Some of the earliest deck jackets looked very much like the US Army’s winter combat jacket (also known as a tanker jacket). It had a dark blue outer shell made out of a heavy corded cotton, and a basic zipper-front design. Over the years, however, it’s been improved upon by the US military for naval use. In 1943, for example, the jacket was lengthened and lined with alpaca fur so that it’d be more protective for sailors. The knit waistband, exposed knit cuff, and patch pockets were also done away with, as they were at risk of snagging on different parts of the ship. As replacements, the knit cuffs were brought in, sort of like the storm cuffs you see today on certain Barbour jackets, and the jacket’s hem was made with a drawstring. The basic zipper front also saw the addition of a button-closure wind flap, and then later metal hook claps, which were easier to operate when you had big gloves on.

There are still many makers of deck jackets today, and they typically come in the garment’s original colors - dark blue, light olive, and dark green. My favorite version is probably by Mister Freedom, who released one with a striped blanket lining a few years ago. Most sizes have long sold out on their website, but you can sometimes find some floating around on eBay. Other makers include the many Japanese companies that specialize in workwear and military reproductions, such as Buzz Rickson, Toys McCoys, The Real McCoys, and The Few. You may also want to look into stores such as Blue in Green, Self Edge, Superdenim, and Bench & Loom, who either carry those aforementioned brands, or similar ones.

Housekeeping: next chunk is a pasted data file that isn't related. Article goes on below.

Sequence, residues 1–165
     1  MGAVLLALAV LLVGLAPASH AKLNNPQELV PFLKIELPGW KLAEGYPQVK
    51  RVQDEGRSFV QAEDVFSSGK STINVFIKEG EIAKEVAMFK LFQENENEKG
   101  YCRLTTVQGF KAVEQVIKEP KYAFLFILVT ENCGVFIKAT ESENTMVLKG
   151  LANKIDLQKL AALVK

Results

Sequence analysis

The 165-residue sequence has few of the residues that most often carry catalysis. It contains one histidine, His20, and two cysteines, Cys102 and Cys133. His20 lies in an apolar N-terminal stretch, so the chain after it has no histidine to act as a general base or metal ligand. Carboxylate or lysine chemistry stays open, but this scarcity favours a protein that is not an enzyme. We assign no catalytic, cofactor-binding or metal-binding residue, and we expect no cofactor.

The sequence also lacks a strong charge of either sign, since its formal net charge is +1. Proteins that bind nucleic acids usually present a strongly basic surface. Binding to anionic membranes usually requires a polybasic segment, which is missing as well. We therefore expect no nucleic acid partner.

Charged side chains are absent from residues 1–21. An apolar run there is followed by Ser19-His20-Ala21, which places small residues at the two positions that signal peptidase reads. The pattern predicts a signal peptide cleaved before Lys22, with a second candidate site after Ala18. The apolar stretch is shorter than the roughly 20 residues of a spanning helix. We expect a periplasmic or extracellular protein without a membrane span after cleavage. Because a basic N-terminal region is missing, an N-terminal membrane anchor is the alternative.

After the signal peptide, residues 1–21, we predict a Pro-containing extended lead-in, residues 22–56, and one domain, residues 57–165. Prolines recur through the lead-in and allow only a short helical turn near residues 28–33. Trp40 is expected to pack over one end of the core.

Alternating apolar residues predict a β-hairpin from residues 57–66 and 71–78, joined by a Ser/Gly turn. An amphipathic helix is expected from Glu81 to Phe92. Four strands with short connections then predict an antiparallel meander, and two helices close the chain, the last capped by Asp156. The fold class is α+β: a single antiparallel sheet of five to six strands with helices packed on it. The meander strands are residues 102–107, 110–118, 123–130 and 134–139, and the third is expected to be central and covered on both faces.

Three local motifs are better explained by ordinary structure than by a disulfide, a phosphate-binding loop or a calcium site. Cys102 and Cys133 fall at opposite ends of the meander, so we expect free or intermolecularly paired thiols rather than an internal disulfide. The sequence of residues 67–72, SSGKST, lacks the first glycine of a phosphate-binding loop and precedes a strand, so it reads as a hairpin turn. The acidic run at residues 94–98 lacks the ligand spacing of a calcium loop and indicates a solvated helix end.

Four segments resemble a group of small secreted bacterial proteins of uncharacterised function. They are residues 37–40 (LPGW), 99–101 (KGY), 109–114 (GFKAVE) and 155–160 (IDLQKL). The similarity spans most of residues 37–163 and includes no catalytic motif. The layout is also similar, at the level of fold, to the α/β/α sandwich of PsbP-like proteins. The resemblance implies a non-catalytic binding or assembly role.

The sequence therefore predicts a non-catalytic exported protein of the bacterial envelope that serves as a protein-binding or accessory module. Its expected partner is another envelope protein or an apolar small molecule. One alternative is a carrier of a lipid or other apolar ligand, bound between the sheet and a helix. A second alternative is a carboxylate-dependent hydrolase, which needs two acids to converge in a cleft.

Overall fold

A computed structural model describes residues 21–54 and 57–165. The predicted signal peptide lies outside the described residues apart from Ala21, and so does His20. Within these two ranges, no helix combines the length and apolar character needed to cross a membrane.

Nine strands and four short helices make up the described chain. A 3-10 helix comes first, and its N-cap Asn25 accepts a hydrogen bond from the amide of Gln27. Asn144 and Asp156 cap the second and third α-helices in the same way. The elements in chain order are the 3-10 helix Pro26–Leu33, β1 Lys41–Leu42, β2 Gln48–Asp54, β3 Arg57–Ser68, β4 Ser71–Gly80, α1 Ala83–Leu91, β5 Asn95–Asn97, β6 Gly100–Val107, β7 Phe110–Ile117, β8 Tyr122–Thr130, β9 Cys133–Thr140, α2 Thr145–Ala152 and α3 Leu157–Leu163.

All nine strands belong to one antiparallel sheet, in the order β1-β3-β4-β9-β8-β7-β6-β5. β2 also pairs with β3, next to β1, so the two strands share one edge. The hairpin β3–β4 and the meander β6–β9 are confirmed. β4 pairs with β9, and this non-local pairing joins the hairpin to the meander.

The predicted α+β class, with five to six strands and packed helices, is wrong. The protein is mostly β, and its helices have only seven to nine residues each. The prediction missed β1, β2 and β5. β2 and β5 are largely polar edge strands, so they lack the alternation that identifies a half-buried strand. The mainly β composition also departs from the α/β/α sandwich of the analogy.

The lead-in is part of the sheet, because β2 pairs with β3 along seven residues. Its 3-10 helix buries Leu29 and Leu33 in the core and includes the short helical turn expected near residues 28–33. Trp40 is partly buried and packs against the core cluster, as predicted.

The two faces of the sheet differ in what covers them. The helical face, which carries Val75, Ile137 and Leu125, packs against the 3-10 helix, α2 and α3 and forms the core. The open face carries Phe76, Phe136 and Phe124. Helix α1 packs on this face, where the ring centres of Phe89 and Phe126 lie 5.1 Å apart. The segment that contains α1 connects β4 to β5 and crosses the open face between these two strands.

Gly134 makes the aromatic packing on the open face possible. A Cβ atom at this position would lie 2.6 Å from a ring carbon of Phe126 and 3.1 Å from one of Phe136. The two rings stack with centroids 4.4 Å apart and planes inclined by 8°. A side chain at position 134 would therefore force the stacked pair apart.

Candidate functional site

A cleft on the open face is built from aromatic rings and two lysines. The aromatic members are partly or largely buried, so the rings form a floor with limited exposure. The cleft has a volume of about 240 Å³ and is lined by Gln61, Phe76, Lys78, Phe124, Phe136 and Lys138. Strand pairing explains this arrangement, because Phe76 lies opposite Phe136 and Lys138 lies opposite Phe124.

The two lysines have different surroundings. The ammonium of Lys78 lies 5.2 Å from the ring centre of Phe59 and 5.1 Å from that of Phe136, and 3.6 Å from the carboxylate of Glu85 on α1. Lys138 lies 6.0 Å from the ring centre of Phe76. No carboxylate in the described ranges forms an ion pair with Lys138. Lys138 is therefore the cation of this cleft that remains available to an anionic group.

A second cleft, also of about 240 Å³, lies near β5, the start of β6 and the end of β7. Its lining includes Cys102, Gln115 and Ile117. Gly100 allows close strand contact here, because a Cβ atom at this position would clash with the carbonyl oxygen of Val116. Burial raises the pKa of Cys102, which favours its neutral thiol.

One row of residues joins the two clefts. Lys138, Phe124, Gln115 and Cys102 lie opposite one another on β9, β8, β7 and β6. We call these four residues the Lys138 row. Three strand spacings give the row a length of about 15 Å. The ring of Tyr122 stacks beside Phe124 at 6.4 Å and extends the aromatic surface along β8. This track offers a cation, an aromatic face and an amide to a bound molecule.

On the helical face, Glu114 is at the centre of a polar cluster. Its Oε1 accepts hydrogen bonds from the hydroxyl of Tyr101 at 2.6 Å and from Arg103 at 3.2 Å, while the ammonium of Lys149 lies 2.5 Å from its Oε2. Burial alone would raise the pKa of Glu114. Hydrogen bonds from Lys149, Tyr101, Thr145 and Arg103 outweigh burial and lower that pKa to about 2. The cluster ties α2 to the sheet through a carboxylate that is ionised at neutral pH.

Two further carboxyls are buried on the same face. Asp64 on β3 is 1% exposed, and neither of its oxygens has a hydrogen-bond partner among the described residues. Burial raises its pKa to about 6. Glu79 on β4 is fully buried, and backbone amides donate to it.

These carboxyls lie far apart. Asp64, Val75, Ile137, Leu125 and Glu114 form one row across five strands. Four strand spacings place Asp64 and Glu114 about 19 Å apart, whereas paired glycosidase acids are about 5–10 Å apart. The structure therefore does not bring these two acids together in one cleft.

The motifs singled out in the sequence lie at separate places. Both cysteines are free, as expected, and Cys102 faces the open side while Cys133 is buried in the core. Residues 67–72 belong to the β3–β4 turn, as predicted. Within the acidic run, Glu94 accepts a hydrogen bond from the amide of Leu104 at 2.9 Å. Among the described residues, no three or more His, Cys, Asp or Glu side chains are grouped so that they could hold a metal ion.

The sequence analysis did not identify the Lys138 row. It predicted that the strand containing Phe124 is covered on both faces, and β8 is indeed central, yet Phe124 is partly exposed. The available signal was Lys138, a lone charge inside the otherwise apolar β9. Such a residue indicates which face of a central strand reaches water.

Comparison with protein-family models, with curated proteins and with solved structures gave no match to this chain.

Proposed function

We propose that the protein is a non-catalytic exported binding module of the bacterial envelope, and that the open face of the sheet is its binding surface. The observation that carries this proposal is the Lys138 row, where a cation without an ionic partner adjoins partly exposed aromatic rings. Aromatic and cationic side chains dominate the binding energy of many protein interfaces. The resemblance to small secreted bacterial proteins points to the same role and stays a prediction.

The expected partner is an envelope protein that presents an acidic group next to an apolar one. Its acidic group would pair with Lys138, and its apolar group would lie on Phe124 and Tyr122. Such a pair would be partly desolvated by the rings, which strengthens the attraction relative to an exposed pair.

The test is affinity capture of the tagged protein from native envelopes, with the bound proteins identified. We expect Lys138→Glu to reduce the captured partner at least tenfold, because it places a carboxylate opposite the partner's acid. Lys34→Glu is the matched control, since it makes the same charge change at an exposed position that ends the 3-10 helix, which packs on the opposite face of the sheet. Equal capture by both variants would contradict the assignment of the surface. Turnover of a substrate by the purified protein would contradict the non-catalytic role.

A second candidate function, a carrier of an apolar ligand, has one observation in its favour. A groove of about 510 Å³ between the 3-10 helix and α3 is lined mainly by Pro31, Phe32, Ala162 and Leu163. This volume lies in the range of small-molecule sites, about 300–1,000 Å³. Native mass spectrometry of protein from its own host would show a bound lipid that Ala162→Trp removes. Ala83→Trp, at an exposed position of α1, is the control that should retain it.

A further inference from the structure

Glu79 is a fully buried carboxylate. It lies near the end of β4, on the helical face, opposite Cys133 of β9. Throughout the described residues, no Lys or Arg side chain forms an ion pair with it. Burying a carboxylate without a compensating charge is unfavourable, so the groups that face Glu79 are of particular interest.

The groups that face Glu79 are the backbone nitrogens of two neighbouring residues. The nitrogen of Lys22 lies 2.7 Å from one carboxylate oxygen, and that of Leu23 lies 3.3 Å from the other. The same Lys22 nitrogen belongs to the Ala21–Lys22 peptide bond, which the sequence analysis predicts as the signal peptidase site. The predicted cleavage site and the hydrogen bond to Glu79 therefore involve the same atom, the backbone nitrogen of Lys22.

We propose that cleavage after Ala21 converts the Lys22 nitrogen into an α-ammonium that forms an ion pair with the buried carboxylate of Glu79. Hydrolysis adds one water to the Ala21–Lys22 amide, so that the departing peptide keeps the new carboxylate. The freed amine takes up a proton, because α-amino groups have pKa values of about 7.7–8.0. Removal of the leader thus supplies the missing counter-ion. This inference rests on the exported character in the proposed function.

Unfortunately for me, all those are well outside my budget. I’ve seen slightly more affordable models by Spiewak, Engineered Garments, Orvis, and Pike Brothers, but they’re still pretty pricey. Going vintage here won’t yield any more savings, as collectors have been hunting for originals on eBay for years. For a good vintage piece, you can expect to pay anywhere from $300 to a whooping $1,500.

So for now, no deck jacket for me. Perhaps for the better, since I don’t think you can look like a sailor with a size 36 chest. 

(Pictures above from Secret Forts, Superfuture member Five, Christophe Loiron, and Good Wear Leather)

The U.S. Supreme Court, in a case regarding compensation of steelworkers for time spent donning protective, er, clothing, endeavors to define clothing, unsuccessfully.

JUSTICE ALITO: Why is it that the jacket and the pants in that picture are not clothes? MR. SCHNAPPER: In our view—well, let me—part of it—first of all, they are designed for a protective function, to protect you from catching fire.